Monday, March 21, 2011
Published February 2010 by Hyperion
Source: the publisher
Nine people remain in a passport and visa office late one afternoon when an earthquake strikes that strands the disparate people and forces them to work together to survive. After the immediate need for medical care, a reckoning of what supplies they have, and an assessment of their situation, the group tries to settle in and wait for rescue. But fear and personal issues soon begin to cause problems and in-fighting. Then a young graduate student suggests that every one has one amazing thing that has happened to them and suggests that each person tell a story about what that thing is for them. The group is soon caught up in the stories of a young Muslim-American man, an upper-class couple whose relationship is clearly falling apart, a Chinese grandmother and her rebellious Chinese-American granddaughter, an African-American ex-soldier, the graduate student and the Indian man and woman who work in the office and have been heading toward an affair.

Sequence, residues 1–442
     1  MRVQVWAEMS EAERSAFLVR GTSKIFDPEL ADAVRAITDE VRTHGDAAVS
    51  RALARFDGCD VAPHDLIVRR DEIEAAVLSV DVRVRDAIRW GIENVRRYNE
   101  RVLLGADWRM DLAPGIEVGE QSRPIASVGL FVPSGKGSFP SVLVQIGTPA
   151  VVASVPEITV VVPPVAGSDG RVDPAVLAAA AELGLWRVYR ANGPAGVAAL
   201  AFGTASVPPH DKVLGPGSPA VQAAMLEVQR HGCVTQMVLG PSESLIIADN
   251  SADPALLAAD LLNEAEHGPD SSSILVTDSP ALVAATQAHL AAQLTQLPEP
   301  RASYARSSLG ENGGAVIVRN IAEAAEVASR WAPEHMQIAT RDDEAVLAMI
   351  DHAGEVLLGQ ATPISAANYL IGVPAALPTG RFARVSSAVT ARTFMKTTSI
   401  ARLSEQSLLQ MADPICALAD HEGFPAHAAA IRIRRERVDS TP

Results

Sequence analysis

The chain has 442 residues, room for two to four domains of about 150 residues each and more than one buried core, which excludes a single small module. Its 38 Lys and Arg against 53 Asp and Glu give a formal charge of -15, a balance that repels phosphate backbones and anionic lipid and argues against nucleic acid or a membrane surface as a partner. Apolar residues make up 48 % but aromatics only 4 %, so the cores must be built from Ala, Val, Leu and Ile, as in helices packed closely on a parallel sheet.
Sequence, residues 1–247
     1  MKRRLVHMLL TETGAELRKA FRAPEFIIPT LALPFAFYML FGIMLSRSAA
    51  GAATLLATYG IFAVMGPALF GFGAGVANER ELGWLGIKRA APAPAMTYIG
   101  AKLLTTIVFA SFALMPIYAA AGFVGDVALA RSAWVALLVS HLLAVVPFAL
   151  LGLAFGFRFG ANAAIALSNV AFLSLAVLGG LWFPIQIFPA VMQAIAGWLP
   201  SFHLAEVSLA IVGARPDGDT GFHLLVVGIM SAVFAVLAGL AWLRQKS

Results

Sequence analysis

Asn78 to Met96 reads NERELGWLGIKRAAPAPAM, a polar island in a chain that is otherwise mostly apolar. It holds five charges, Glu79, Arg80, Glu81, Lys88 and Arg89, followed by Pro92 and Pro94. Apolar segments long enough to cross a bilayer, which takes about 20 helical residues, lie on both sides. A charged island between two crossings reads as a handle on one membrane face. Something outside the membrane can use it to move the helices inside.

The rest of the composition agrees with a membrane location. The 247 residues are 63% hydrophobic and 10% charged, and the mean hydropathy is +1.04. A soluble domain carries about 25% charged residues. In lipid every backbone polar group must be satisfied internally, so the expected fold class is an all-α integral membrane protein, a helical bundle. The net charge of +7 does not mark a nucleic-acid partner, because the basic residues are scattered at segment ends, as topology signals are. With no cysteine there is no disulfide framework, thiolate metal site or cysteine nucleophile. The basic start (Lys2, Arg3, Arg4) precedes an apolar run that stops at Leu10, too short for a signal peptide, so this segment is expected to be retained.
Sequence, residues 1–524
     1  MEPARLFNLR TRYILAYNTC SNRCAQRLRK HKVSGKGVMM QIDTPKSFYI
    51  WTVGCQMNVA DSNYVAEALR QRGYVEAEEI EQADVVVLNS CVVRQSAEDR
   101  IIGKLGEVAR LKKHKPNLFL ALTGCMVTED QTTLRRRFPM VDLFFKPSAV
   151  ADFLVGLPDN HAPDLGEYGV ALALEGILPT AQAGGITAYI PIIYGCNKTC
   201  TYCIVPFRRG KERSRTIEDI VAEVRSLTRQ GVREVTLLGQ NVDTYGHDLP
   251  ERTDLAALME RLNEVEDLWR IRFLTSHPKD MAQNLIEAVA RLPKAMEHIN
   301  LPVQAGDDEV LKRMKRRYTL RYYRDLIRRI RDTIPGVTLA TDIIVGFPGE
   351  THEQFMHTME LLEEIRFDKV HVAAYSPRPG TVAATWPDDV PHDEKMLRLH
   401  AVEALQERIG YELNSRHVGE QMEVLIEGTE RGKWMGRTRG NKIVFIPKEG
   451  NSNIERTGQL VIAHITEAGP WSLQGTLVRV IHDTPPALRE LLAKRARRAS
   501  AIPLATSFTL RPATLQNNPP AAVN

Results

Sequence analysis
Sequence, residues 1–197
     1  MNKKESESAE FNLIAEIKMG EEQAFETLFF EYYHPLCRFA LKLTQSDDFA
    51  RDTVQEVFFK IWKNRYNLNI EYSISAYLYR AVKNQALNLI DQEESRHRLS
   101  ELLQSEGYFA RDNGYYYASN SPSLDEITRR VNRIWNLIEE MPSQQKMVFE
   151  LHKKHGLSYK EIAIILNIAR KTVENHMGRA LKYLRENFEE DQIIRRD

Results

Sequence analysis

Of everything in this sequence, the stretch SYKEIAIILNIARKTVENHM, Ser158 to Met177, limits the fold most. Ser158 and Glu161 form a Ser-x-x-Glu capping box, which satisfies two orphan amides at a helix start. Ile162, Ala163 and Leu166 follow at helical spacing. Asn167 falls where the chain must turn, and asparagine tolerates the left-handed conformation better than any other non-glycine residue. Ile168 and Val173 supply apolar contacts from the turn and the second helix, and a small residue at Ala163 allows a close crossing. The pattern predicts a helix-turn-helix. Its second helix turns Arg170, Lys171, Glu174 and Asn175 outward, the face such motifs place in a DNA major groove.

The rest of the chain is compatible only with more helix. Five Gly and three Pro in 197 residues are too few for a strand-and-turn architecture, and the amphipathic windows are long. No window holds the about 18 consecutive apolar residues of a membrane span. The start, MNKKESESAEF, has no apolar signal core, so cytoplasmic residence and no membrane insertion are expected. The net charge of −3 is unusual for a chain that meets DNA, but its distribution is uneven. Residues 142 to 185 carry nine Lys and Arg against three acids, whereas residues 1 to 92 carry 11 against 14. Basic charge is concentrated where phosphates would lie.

I wondered as I read this if Divakaruni had developed these stories and then worked up a story to bring them altogether since the emphasis of this book is definitely on the stories themselves rather than the group's fight for survival. Some of the stories were very lovely, some heartbreaking, some too obviously headed to a moral. Divakaruni does use the stories to look a wealth of issues including class struggles, racism, disillusionment, abandonment, and love. I enjoyed this play on Chaucer's Canterbury Tales and feel that Divakaruni developed interesting characters, some with amazing depth.
I got to the end of this book and discovered that I had not taken a single note or marked a single passage to quote. Usually this means that I didn't care for the book. That is certainly not the case with this book; I sat down with this one with the idea that I would take notes but ended up reading through it so quickly that I lost all track of time. And, apparently, notes. While it may be a bit uneven, this is certainly a book I would recommend.